Page:The History of Ballarat.djvu/33

From Wikisource
Jump to: navigation, search
This page has been proofread, but needs to be validated.

Company, Tasmania; Captain Hutton, of the East India Company's Service; and Mr. Henry Anderson. With them they took suitable equipment and provisions. From Bellpost Hill they saw in the distance, north-westward, a mount, to which they directed their course, steering their way by compass, and thus they arrived at and ascended Mount Buninyong. From the Mount the explorers saw fine country to the north-westward, Lake Burrumbeet, and the distant ranges of the Pyrenees and the Grampians. An ocean of forest, with island hills, was all around them, but not a speck visible that spoke to them of civilisation. But the promising landscape drew the explorers on westward and north-westward. They descended the Mount, the party divided, their compass-bearings were not well kept, the provision-cart failed to be at the appointed rendezvous, and thus, broken into sections, the explorers found their way back to the coast, some of them unable to find their provisions, and therefore fasting by the way.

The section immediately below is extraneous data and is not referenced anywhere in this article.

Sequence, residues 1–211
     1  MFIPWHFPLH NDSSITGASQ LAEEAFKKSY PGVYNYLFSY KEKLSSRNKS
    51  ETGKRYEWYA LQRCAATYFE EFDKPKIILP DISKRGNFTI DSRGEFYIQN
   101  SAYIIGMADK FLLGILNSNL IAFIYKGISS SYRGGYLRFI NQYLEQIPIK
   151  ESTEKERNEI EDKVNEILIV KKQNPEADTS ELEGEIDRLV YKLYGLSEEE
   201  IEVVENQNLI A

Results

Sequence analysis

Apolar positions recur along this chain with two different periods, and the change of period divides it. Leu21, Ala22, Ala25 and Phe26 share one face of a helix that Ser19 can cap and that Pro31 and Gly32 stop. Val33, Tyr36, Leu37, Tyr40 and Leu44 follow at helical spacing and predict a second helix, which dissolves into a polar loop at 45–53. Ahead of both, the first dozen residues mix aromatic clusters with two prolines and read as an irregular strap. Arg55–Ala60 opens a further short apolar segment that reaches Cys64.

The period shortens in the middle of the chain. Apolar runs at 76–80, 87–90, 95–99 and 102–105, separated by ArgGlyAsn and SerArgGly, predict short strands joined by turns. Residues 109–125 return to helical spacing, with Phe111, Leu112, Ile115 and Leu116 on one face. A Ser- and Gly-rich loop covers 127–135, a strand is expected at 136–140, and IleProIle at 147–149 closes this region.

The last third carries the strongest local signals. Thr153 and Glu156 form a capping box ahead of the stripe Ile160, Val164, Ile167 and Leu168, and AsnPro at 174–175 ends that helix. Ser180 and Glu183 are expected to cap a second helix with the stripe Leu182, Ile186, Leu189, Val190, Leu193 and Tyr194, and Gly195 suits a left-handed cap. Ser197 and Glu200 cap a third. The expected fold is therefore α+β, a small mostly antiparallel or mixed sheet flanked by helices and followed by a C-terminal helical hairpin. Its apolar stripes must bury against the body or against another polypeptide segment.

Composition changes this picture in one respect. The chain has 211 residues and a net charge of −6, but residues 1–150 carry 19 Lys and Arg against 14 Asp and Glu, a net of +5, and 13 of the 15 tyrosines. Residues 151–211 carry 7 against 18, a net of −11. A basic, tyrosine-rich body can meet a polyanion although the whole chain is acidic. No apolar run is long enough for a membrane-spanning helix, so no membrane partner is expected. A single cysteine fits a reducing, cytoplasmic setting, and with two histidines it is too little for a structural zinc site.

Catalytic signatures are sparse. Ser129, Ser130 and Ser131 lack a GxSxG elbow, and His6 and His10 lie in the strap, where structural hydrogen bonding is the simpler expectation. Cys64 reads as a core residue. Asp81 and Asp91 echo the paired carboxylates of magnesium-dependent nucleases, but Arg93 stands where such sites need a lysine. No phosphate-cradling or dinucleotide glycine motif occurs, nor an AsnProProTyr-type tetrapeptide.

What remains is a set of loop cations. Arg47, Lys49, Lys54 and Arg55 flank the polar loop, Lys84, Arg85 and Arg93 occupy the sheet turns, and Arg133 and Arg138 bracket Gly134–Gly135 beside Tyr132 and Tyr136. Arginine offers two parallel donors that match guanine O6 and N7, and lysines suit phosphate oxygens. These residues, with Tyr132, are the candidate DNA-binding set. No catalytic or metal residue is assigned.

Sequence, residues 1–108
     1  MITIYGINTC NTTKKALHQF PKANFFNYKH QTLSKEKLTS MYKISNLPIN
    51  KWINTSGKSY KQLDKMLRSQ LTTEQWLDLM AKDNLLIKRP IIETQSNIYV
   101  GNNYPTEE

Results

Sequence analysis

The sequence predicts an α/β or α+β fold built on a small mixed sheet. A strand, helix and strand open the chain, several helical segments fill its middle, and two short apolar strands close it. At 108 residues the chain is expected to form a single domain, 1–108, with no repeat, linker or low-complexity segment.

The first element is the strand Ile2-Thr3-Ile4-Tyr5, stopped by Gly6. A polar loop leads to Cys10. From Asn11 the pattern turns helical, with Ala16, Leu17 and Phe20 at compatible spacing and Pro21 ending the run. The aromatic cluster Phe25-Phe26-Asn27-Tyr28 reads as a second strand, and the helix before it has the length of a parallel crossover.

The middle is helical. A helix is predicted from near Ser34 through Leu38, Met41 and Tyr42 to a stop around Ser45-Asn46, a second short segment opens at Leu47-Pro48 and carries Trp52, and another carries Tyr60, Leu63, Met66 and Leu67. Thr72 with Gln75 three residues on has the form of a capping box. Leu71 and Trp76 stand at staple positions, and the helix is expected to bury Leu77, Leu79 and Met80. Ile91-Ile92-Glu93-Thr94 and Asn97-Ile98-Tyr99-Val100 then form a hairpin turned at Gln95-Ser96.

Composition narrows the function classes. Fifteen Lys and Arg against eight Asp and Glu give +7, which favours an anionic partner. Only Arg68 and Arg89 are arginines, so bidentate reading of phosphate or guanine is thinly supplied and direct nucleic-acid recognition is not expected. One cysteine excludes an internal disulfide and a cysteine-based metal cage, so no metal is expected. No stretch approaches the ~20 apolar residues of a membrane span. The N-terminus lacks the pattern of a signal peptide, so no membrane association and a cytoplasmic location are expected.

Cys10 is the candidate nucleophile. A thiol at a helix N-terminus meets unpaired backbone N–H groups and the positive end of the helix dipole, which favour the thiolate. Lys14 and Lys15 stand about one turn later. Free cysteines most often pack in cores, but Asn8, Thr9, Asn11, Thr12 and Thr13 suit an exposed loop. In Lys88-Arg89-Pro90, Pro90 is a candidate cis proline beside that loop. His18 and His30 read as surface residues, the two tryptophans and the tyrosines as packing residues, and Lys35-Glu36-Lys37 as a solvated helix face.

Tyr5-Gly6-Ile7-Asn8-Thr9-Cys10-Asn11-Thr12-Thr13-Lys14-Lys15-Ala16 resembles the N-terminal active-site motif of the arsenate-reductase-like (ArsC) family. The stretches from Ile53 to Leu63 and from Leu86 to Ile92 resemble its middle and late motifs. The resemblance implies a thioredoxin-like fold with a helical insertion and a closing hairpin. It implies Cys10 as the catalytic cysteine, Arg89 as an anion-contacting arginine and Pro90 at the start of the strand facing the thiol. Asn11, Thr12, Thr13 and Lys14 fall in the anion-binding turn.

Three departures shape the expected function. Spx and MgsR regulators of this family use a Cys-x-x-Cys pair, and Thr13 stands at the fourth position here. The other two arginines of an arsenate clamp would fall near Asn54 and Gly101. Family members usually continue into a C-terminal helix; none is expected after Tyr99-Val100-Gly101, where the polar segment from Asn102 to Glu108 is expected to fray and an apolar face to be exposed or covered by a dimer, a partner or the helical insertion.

In January of the next year explorers set out again. The party this time consisted of Messrs. J. Aitken, Henry Anderson, Thomas L. Learmonth, Somerville L. Learmonth, and William Yuille. The starting point was Mr. Aitken's house, at Mount Aitken, and thence the explorers went towards Mount Alexander, which at that time had just been occupied by a party of overlanders from Sydney, consisting of Messrs. C. H. Ebden, Yaldwin, and Mollison. From Mount Alexander they followed the course of the Loddon, passed over what has since been proved to be a rich auriferous country, and bore down on a prominent peak, which the explorers subsequently called Ercildoun, from the old keep on the Scottish border, with which the name of the Learmonth's ancestor, Thomas the Rhymer, was associated. Their course brought them to the lake district of Burrumbeet and its rich natural pastures. The days were hot but the nights cold, and the party, camping at night on an eminence near Ercildoun, suffered so much from cold that they gave the camping place the name Mount Misery. There was water then in Burrumbeet, but it was intensely salt and very shallow. Next year, 1839, Lake Burrumbeet was quite dry, and it remained dry for several succeeding summers. It was covered with rank vegetation, and